LB-886 would also protect their “student media advisers” from retaliation – including reassignment and transfer – for protecting their student journalists engaged in lawful activities or “refusing to infringe upon conduct” protected by the First Amendment.
Such advisers sometimes find themselves in the cross hairs of a dispute between their students and administrators. FIRE’s Cohn pointed to a 2016 incident where Nebraska’s Wayne State College removed the faculty adviser of the Wayne Stater after it published several articles critical of the administration, as Inside Higher Ed reported.
Morfeld told The Fix he has heard from students and advisers at some state colleges that administrators are trying to censor content. He’s confident the bill will obtain enough votes to get out of the Education Committee, which is considering it next week.
— Senator Adam Morfeld (@Adam_Morfeld) January 8, 2018
The bill closely resembles the Student Press Law Center’s New Voices campaign, which seeks to persuade state lawmakers to give student journalists the rights they were denied in the Hazelwood ruling.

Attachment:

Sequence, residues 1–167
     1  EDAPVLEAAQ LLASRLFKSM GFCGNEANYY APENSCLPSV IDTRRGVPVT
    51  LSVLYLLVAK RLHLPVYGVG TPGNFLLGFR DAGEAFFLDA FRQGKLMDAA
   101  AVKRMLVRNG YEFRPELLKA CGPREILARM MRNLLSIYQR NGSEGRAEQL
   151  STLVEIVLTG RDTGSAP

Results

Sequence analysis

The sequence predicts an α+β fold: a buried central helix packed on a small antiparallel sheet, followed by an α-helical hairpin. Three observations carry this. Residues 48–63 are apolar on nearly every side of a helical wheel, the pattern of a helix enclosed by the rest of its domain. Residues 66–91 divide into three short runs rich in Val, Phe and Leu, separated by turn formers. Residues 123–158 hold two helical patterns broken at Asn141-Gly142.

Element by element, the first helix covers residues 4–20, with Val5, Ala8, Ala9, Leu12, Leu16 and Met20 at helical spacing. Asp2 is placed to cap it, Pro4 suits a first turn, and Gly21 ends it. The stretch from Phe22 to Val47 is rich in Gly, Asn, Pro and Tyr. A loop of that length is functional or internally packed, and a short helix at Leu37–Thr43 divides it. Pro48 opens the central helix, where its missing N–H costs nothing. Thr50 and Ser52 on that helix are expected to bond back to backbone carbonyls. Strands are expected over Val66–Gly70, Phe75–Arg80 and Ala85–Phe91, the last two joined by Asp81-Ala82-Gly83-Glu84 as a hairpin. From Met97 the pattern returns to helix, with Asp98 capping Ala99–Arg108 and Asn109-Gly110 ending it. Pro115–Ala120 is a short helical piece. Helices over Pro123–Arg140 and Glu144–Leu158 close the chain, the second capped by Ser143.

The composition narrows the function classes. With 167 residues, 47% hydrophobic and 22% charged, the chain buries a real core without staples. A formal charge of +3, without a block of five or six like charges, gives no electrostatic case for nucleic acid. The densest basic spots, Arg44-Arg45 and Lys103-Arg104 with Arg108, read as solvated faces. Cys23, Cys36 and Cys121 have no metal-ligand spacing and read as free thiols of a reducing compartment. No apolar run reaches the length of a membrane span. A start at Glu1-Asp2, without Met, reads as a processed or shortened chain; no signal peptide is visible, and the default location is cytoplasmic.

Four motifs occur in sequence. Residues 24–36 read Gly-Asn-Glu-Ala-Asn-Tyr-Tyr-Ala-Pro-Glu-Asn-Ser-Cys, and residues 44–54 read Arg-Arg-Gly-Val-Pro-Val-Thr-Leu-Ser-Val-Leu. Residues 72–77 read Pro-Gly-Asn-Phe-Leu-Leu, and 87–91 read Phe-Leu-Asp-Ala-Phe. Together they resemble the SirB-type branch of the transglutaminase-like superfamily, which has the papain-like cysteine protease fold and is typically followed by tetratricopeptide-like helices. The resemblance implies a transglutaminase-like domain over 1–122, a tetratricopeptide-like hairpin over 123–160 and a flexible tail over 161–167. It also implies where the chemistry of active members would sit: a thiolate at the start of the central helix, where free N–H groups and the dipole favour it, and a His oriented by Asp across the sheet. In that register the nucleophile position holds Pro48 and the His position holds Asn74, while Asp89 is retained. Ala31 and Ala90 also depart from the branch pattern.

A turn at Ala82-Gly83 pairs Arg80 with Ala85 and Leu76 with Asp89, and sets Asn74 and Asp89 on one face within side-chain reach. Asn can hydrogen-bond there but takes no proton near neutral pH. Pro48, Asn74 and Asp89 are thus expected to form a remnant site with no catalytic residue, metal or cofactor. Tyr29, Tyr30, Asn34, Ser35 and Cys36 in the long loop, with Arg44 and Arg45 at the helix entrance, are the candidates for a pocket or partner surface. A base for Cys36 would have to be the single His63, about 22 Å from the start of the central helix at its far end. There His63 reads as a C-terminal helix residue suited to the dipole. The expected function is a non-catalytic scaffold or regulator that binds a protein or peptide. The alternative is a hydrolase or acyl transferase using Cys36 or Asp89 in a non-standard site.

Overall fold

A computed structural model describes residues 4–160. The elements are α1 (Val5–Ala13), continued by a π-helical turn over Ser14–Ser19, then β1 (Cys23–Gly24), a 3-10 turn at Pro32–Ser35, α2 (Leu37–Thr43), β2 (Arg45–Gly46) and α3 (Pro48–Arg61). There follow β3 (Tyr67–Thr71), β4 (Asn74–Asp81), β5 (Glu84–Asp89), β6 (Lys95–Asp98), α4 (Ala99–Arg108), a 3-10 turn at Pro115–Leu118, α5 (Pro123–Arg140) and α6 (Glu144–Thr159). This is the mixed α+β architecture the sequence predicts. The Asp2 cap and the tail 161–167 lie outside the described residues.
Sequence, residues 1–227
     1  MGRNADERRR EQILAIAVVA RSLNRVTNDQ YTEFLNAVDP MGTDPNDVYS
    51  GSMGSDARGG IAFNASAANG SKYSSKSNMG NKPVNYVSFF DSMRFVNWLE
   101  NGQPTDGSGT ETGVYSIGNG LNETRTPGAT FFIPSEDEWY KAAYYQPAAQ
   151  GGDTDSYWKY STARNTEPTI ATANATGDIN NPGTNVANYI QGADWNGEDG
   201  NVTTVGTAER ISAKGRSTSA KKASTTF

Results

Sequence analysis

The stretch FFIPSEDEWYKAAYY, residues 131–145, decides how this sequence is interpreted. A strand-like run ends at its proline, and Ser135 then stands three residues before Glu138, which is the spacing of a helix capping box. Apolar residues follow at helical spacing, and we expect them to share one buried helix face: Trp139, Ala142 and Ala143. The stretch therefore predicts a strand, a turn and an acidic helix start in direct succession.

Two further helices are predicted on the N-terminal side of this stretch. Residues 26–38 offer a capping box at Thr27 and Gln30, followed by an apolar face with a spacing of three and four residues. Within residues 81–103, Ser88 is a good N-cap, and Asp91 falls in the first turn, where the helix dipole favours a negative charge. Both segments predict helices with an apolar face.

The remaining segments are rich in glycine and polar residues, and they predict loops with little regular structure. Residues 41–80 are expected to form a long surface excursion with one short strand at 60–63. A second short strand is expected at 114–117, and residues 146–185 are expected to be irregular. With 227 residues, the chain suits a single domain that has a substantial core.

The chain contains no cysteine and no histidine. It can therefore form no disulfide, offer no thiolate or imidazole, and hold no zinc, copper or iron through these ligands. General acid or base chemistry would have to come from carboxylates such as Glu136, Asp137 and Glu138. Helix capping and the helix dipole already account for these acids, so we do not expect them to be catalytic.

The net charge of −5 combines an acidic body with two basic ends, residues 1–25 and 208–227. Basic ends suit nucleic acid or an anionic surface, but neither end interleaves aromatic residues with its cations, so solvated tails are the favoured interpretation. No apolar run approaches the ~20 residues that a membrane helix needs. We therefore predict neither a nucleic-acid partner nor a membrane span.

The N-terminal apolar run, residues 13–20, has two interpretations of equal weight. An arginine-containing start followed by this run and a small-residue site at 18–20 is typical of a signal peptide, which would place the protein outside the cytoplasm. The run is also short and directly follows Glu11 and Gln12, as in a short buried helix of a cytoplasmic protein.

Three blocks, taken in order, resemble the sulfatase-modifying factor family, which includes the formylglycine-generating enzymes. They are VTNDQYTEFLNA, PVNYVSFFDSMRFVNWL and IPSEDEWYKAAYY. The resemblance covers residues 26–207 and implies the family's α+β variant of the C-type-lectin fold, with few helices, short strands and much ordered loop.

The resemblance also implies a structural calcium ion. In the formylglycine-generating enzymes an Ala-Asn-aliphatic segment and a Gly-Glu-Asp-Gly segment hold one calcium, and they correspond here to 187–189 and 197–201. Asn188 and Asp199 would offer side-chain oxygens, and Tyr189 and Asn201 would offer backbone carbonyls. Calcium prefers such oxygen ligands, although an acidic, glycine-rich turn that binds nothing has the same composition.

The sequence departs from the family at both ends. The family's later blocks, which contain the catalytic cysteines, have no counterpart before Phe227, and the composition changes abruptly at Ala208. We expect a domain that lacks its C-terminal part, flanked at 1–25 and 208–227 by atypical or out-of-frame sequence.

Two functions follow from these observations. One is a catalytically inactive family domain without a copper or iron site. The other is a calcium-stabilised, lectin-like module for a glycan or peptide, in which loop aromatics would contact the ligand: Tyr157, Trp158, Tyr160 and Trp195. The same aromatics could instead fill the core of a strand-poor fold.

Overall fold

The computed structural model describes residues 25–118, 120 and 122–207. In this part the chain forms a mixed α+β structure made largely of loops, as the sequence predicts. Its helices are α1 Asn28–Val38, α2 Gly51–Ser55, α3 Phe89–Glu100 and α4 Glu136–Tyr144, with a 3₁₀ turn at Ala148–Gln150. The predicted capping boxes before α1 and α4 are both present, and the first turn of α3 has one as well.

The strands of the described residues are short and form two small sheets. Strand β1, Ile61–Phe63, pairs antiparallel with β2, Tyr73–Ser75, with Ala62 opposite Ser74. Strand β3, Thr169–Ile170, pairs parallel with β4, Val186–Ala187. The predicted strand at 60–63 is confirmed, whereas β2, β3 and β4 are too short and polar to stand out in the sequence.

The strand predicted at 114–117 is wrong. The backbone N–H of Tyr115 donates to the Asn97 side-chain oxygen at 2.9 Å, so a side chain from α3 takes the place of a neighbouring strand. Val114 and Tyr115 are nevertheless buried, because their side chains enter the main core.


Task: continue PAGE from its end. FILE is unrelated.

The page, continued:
“Campus journalism is really important to developing good journalists,” FIRE’s Cohn told The Fix. “Bills like this ensure that campus journalists are treated with the same respect as other journalists without subjecting them to prior restraint.”
Cohn said that as a higher education-focused group, FIRE is neutral on the K-12 elements in Morfeld’s bill, but the organization is glad to see these bills advancing across the country.
He believes it is important to treat college journalists like adults and not children.
IMAGE: Turning Point USA/YouTube